Dreamstrider Book Review


Number of pages: 394

Number of times read (including the time before this review): 1

Rating (out of five stars): 1

I swear I’m trying to be kinder in my reviews of books I don’t like, but after reading books like Dreamstrider, it’s far more difficult than I thought it would be.

Livia is one of the most annoying protagonists I have read from in a long time. She has no self-esteem whatsoever, and spends her days mooning over a boy she knows she can never have (which, as it turns out, doesn’t matter). We get it, you feel useless after some incident that isn’t explained until the last quarter of the book because your superiors at the worst spy agency are horrible at planning. Telling the reader how useless you think you are 10 times per chapter doesn’t provide insight into your character, it’s just annoying. Livia is the only person who can dreamstride (technically), so she can’t be completely useless, yet all she does is complain.

The rest of the characters were also incredibly juvenile and one-dimensional. There are two girls who were in a relationship together that ended after one of them was threatened by her father, and they basically pull the first grade technique of “I’m not talking to you” when they are forced into the same room. These are near adults we are talking about. Also, who’s idea was it to name the love interest something very similar to the name of the country they inhabit. It makes an already confusing novel harder to follow.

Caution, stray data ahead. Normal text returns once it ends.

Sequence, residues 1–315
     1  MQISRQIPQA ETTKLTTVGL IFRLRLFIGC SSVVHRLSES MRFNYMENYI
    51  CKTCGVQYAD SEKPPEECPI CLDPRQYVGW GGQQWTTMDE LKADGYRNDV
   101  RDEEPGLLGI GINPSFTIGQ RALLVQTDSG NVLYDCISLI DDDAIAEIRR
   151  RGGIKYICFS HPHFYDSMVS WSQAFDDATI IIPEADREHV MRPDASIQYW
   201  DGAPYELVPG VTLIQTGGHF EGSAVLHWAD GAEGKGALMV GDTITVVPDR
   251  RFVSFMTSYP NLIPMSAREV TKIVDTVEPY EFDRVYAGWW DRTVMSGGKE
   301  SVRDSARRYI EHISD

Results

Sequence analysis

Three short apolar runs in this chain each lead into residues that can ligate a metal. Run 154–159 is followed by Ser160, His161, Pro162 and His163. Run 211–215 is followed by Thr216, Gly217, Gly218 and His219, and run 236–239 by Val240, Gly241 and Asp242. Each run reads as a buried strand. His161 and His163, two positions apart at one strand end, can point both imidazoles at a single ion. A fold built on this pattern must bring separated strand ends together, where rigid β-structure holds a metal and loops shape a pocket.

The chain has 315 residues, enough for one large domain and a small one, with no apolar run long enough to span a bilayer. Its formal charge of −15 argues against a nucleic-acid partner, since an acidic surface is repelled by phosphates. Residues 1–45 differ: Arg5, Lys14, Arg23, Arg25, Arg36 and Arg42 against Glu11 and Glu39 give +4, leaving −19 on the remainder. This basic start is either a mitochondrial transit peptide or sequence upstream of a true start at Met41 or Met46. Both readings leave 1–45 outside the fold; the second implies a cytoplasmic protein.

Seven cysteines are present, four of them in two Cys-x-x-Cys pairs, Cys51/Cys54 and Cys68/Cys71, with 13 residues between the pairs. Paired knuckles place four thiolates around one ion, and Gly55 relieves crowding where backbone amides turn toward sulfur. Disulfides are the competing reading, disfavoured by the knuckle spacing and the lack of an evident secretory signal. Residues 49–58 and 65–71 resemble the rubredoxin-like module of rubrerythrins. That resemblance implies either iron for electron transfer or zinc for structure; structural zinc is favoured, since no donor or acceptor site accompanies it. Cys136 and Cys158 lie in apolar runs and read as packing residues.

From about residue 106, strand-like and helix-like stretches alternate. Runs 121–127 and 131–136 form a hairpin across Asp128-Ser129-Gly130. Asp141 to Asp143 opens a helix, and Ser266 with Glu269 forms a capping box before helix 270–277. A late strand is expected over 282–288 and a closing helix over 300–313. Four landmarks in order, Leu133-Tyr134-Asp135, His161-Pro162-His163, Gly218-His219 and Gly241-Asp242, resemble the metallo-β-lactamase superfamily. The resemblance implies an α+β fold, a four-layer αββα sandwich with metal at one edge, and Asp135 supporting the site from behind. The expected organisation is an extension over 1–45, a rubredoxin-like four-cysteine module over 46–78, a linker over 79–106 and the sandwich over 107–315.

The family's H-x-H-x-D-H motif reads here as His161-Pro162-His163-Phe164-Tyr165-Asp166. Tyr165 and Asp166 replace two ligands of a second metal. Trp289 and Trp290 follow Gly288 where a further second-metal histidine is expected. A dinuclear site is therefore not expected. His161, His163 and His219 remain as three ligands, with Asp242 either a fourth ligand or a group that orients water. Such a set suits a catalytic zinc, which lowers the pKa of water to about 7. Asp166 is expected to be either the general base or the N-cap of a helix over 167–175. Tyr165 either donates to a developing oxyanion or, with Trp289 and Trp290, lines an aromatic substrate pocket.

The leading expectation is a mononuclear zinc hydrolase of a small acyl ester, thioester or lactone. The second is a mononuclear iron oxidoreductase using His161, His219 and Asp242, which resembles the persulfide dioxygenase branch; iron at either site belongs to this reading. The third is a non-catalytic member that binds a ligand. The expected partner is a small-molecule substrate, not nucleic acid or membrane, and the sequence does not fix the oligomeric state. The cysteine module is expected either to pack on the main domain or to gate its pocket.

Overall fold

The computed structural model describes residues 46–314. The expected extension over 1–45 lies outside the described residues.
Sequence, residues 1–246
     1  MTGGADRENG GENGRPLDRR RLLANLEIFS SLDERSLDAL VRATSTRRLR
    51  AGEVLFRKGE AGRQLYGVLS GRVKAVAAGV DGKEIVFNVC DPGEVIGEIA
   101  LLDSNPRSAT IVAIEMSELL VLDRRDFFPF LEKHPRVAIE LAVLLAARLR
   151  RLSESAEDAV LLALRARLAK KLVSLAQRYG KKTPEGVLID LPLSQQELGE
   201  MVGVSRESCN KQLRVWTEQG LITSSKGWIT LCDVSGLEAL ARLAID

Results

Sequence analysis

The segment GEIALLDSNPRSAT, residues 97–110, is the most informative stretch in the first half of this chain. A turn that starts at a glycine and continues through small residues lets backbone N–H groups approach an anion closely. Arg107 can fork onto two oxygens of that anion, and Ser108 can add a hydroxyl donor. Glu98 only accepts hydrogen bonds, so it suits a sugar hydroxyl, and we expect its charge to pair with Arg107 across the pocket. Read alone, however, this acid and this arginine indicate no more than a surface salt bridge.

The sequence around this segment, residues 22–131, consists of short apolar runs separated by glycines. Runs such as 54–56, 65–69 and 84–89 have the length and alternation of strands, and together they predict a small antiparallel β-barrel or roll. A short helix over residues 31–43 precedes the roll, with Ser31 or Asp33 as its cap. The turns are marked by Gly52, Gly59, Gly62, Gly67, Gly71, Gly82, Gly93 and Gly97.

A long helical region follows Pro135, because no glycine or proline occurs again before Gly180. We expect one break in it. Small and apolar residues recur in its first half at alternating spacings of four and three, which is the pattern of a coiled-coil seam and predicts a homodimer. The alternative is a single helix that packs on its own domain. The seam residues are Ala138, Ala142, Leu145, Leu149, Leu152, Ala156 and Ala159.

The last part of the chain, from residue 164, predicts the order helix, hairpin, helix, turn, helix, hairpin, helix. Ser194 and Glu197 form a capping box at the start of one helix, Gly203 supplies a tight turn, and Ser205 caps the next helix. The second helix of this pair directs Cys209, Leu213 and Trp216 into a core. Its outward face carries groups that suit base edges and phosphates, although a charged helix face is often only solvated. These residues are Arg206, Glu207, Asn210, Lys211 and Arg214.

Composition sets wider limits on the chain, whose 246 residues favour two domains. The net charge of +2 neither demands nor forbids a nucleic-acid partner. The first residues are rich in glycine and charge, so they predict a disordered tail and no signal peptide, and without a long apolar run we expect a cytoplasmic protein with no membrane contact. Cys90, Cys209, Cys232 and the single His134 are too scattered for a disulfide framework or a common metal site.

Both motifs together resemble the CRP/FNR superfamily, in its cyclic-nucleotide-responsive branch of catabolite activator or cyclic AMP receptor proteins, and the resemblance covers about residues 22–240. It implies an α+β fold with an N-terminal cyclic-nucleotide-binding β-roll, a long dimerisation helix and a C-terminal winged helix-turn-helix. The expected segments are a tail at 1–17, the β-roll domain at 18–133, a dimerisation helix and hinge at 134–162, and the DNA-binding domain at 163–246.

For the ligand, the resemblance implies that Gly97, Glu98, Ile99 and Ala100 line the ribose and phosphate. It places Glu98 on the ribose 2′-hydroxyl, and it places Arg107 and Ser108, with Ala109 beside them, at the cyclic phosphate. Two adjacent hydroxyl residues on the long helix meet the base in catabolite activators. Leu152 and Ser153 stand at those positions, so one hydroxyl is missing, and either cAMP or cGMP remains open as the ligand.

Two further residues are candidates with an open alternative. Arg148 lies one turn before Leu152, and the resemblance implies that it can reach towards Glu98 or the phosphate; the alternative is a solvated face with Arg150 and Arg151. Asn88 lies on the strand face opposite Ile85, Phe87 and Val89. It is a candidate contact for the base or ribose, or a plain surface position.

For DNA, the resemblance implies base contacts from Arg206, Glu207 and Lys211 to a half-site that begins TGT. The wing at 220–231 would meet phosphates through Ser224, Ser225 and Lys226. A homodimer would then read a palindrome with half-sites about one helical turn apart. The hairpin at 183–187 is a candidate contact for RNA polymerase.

The world-building is terrible. The reader is thrust into a world they know absolutely nothing about, and are expected to know the intricate political system by chapter one. The Tunnelers are introduced in the first chapter, but even after completing the book, I still know next to nothing about them. The book tells us that they aren’t citizens, and they are controlled by gangs (of which we only learn about one), but that’s about all we are told. This especially frustrating since three quarters of the plot has to do with the Tunnelers. Why aren’t they citizens? What do they do?

The people in Dreamstrider believe in The Dreamer, who is equivalent to God for people of Christian faith. Why he is called The Dreamer isn’t well explained. Why dreams are sacred to these people isn’t well explained either, and why the regular people in this world apparently appear as various animals in a strange dream world that only certain people know how to access still baffles me a week later, but at least The Dreamer is mentioned so often that the word “dreamer” has lost all meaning to me. Half the word count of this book has to be dream related terms.

It is also frequently mentioned how the aristocracy bejewels their faces. This goes completely unexplained, despite it being a large part of the society, and a small part of the novel.  The bejeweling of ones face doesn’t seem to do anything, so I’m curious as to why they do it at all.

The plot twists were fairly obvious. Frankly, it was more of a plot twist that Livia had no idea what was happening half the time.

Overall, Dreamstrider was filled with obvious plot twists, annoying characters, and very little world building, earning it 1 star out of five. I wanted to like Dreamstrider, but it isn’t exactly an enjoyable experience to spend the entire novel confused.

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